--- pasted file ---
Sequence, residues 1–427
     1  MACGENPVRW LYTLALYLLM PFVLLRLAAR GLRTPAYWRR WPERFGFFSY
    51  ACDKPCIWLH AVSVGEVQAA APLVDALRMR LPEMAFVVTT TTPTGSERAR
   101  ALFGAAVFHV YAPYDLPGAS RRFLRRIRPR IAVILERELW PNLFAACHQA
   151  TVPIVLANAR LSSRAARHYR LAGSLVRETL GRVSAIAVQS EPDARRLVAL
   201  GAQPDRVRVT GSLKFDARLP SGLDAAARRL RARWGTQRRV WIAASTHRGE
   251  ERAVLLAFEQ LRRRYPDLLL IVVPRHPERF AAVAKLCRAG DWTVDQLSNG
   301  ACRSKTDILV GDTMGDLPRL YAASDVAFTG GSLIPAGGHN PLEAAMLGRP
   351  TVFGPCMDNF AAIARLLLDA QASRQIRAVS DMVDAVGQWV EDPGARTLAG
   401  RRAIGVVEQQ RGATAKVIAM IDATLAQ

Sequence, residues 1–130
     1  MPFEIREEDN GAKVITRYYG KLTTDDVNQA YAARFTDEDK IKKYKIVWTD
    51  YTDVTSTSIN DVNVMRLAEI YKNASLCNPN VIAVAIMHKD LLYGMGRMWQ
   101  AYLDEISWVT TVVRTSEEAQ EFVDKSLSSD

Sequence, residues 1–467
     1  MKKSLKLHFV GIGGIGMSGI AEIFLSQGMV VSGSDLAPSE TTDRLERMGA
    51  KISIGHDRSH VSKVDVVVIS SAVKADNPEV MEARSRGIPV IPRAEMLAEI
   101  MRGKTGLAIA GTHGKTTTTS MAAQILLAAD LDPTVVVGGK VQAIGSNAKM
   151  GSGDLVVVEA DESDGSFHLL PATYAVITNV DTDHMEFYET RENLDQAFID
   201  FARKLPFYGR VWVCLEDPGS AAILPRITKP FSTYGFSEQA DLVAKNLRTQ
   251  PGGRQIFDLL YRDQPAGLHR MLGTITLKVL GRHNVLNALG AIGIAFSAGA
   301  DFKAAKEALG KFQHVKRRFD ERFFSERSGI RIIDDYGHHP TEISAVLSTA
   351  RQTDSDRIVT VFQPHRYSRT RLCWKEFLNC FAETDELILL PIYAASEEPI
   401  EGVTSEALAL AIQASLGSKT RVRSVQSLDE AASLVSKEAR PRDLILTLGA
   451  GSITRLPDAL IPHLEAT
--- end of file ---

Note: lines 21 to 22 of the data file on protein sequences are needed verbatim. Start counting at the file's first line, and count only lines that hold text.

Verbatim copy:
   251  PGGRQIFDLL YRDQPAGLHR MLGTITLKVL GRHNVLNALG AIGIAFSAGA
   301  DFKAAKEALG KFQHVKRRFD ERFFSERSGI RIIDDYGHHP TEISAVLSTA